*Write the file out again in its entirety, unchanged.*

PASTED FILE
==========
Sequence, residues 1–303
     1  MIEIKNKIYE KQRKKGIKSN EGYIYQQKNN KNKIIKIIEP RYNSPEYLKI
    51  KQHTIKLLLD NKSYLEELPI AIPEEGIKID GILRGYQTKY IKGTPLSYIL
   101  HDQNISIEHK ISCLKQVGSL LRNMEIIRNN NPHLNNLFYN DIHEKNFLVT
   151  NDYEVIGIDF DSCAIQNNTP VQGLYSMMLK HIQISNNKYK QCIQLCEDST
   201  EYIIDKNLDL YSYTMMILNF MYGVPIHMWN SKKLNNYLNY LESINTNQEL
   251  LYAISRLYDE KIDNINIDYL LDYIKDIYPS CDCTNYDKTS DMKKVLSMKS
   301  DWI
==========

Sequence, residues 1–303
     1  MIEIKNKIYE KQRKKGIKSN EGYIYQQKNN KNKIIKIIEP RYNSPEYLKI
    51  KQHTIKLLLD NKSYLEELPI AIPEEGIKID GILRGYQTKY IKGTPLSYIL
   101  HDQNISIEHK ISCLKQVGSL LRNMEIIRNN NPHLNNLFYN DIHEKNFLVT
   151  NDYEVIGIDF DSCAIQNNTP VQGLYSMMLK HIQISNNKYK QCIQLCEDST
   201  EYIIDKNLDL YSYTMMILNF MYGVPIHMWN SKKLNNYLNY LESINTNQEL
   251  LYAISRLYDE KIDNINIDYL LDYIKDIYPS CDCTNYDKTS DMKKVLSMKS
   301  DWI